The statistical programming package Crunch (Crunch Software Corp., 5335 College Aye, Oakland, CA 94618) was used to perform the data analysis, and all testing was done at a .05 level of significance.



The mean (+/- sd) valgus angle of deformity ranged from a low of 0 degrees for the Polyaction, Lerman, ECKO, Analog and Pro Am orthoses at 65 inch pounds of torque to a high of 46.7 degrees (+/- 1.16) for the ECKO knee orthoses at 650 inch-pounds of torque (Table 2) . Post hoc testing using the Sheffe multiple comparisons test showed the Polyaction, Lerman and Analog knee orthoses had consistently greater ability to resist deformity, than the other five orthoses, through 390 inch-pounds of torque. At the load of 455 inch-pounds the Analog knee orthosis was joined by the CTi in showing the most significant resistance to deformity through the final load of 650 inch-pounds attaining a valgus angle of 13 degrees (+/- 1), 13 degrees (+/- 0) respectively. The Lennox Hill and ECKO knee orthoses showed the least resistance to deformity, where 6 degrees (+/- 1) and 7 degrees (+/- 1) of valgus motion was noted at 130 inch-pounds of applied torque. At 260 inch-pounds the DonJoy joined these two orthoses and continued to resist valgus motion significantly less than the other five knee orthoses through the final torque load of 650 inch-pounds, attaining 46.7 degrees (+/- 1.16), 42.7 degrees (+/- 1.16) and 38.7 degrees (+/-1.16) for the ECKO, Lenox Hill and DonJoy, respectively. The test prosthesis with no orthosis deformed 49 degrees (+/- 1) into valgus (maximum deformity permissible on the apparatus) at 325 inch-pounds and was significantly more flexible than all of the test orthoses (Table 2) .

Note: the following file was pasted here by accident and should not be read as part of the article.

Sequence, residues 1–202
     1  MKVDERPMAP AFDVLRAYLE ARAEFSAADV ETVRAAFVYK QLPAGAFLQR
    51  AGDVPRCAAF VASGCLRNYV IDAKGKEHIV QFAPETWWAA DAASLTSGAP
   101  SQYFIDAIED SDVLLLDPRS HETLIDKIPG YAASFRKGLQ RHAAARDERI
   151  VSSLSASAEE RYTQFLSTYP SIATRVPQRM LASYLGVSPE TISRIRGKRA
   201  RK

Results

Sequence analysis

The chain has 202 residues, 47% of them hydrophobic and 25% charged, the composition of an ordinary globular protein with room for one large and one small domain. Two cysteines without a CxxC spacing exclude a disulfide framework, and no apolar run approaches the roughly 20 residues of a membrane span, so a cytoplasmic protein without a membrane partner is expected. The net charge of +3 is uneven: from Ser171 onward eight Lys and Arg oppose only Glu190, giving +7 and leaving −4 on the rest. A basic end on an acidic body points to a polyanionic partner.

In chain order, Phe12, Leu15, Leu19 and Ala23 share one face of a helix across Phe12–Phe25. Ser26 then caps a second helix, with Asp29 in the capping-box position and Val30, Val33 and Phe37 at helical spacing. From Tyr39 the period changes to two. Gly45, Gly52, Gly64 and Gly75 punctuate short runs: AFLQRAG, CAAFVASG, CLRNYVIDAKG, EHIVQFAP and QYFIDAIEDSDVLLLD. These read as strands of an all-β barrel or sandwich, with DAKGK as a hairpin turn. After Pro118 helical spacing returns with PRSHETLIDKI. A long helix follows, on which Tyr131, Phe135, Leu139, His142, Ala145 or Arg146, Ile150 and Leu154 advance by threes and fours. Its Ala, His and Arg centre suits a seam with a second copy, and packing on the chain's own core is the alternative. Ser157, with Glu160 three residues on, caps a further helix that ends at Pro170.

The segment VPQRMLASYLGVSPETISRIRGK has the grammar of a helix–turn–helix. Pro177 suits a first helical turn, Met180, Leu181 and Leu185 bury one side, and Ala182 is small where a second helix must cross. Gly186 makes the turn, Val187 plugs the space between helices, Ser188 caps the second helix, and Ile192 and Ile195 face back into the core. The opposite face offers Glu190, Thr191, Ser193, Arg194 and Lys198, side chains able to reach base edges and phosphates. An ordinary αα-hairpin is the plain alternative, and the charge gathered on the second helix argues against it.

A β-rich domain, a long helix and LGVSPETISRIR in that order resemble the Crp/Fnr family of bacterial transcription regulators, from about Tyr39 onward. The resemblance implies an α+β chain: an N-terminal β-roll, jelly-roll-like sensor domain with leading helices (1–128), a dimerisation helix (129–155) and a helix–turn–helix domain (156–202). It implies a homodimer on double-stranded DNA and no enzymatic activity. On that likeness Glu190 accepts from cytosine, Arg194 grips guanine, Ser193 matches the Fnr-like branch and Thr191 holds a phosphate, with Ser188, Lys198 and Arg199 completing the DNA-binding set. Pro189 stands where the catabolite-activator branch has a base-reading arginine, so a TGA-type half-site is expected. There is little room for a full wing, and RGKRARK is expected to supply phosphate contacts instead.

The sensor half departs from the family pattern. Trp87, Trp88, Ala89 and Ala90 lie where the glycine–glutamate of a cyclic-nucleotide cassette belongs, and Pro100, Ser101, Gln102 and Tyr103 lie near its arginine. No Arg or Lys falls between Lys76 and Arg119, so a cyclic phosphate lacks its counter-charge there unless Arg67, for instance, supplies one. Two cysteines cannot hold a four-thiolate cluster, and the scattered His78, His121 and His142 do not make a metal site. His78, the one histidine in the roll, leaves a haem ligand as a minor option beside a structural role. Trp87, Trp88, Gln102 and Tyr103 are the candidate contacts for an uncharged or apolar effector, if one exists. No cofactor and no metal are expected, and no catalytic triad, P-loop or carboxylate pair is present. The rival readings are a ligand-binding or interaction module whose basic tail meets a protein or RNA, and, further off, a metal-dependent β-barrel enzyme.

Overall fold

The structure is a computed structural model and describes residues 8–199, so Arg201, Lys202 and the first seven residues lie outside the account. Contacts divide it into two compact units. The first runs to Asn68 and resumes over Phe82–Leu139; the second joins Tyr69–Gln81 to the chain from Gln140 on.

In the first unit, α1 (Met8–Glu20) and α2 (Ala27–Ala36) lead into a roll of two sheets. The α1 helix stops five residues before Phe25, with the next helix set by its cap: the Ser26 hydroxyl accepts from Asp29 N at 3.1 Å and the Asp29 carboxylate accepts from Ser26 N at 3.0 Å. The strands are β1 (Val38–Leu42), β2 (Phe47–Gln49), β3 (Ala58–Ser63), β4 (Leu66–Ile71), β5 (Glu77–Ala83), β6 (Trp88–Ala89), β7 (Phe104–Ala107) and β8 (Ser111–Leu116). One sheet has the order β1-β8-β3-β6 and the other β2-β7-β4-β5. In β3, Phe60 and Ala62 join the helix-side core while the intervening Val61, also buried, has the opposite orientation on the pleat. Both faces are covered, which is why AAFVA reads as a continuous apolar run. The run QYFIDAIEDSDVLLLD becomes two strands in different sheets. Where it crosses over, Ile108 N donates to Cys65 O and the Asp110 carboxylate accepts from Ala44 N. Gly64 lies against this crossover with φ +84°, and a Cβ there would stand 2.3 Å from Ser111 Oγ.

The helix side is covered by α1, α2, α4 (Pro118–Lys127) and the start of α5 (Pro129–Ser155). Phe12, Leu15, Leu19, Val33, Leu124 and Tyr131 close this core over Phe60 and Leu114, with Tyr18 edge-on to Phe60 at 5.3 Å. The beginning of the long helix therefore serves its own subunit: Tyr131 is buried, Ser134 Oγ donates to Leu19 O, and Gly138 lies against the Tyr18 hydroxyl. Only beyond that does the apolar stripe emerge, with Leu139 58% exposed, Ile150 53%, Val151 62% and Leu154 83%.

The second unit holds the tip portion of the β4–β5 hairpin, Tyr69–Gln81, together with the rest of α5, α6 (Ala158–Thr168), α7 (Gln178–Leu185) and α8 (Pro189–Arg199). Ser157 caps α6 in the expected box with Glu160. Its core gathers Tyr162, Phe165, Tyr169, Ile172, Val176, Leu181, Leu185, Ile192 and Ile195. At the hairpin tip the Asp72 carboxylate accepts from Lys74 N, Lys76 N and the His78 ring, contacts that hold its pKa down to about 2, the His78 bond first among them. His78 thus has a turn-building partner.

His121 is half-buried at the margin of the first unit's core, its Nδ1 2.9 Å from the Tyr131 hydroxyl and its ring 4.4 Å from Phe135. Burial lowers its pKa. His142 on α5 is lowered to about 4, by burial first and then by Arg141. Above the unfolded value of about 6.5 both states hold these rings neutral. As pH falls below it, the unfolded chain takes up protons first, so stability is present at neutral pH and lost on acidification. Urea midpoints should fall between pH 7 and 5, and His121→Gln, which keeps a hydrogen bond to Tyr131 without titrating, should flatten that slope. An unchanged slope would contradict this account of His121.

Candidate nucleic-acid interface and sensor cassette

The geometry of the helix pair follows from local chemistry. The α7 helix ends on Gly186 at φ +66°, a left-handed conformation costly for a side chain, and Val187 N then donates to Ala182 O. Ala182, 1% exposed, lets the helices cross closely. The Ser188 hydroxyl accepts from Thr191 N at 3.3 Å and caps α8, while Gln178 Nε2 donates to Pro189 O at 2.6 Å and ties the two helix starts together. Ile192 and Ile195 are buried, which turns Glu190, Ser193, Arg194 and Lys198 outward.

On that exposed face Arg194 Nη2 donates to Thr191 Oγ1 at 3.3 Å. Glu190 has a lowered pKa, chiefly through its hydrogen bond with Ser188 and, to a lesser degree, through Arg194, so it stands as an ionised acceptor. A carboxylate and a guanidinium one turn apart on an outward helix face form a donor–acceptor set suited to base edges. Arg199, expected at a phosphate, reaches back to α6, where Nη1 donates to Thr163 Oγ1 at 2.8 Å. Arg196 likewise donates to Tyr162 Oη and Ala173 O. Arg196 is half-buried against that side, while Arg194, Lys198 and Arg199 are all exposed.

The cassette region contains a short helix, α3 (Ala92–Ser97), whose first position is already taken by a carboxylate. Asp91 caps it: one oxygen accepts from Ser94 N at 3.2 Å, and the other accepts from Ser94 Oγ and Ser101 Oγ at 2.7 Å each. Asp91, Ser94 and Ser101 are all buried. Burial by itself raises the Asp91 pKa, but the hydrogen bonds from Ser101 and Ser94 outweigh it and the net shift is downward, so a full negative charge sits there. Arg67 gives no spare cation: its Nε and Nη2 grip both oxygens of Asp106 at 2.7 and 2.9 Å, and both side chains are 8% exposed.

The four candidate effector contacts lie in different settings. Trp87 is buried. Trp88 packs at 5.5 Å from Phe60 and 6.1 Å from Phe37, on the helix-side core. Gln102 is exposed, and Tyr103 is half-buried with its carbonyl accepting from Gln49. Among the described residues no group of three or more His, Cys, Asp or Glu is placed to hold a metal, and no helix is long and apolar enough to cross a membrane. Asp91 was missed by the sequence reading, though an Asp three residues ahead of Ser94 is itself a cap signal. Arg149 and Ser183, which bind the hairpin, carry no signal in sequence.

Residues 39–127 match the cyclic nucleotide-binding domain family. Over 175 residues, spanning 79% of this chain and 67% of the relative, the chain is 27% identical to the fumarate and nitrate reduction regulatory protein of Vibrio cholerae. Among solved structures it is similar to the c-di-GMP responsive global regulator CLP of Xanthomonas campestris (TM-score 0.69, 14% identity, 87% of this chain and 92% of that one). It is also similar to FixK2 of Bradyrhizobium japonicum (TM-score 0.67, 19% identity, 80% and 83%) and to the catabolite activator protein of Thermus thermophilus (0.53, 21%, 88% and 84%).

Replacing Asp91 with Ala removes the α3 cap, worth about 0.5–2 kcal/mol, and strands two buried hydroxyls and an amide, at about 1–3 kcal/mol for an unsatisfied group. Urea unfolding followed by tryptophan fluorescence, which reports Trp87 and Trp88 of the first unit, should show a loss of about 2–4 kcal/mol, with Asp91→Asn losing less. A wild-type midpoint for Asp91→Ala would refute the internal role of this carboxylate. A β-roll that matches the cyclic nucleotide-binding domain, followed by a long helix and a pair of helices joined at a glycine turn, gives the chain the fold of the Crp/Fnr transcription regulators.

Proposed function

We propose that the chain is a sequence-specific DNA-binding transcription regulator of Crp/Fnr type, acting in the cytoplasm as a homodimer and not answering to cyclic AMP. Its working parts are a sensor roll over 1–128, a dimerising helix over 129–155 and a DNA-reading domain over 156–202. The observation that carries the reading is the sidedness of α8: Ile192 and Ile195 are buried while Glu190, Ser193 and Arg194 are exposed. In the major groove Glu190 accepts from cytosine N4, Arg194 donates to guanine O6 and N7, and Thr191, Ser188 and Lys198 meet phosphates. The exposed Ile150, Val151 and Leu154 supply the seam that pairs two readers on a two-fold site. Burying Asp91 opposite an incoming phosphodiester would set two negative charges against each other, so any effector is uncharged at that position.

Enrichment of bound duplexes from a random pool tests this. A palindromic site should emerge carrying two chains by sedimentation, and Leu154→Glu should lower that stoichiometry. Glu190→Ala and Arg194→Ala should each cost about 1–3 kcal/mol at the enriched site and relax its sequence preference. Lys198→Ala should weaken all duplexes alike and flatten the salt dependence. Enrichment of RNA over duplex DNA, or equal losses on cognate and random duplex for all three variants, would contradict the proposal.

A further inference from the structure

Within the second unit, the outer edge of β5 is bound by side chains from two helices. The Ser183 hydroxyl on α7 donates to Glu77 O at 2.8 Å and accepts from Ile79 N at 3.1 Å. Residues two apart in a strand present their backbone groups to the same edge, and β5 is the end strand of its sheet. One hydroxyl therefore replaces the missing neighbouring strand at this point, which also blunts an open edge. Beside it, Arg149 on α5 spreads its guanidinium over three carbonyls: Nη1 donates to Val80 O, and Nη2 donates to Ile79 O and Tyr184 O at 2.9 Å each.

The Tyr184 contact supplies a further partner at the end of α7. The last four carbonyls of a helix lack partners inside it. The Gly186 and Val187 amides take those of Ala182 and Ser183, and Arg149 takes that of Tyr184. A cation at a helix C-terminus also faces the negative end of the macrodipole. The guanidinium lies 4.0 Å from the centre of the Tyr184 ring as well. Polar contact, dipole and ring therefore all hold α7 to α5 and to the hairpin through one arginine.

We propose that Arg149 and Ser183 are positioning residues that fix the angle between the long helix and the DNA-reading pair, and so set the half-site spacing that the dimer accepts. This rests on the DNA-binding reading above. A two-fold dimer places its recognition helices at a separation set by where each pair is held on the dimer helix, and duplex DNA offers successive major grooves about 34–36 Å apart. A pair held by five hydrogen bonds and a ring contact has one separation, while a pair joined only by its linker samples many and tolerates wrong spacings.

The first load of 65 inch-pounds of torque was the only load at which all of the knee orthoses protected the knee to within the maximum comfortable valgus deformity of 3.4 degrees.4 The Polyaction provided the best protection by allowing less than 3.4 degrees of valgus through 260 inch-pounds of torque. The Polyaction, Lerman, Analog and CTi best restrained valgus to within 8 degrees, through 390 inch-pounds of torque, the angle which corresponds to internal knee disruption.3(Table 2)

Significant linear trends were detected for torque versus angle for each of the orthoses evaluated, (r .95 to .99). Further regression was applied and the best curve fit to these data were observed with third order regression (r .983 to .998); however, this was not significant (Figure 7) .


The Polyaction, Lerman, Analog and Pro Am knee orthoses showed significantly greater resistance to varus deformity from 65 to 260 inch-pounds of applied torque; 7 degrees (+/- 0), 9.3 degrees (+/- 2.08), 8.3 degrees (+/- .58), and 9.7 degrees (+/- 1.16), respectively, at 260 inch-pounds (Table 3) . At 325 inch-pounds the Polyaction yielded 11.3 degrees (+/- 1.53) and the Analog yielded 9 degrees (+/- 0) and both were significantly more resistant to varus motion than any of the other orthoses. From 390 to 650 inch-pounds of applied torque the Analog was, alone, significantly more resistant to varus deformity than the other seven orthoses, attaining a maximum varus deformity of 15.7 degrees (+/- .58). The ECKO knee orthosis exhibited the greatest degree of flexibility being significantly more deformed, 49.7 degrees (+/- .58), at the maximum torque load. The ECKO, DonJoy, Lenox Hill, and CTi deformed significantly more than all of the other orthoses for varus loads of 195 inch-pounds to 325 inch-pounds. The test prosthesis, with no orthosis, deformed 50.7 degrees (+/- 1.53) into varus (maximum deformity permissible on the apparatus), at a load of 455 inch-pounds, which was significantly greater than any of the test orthoses.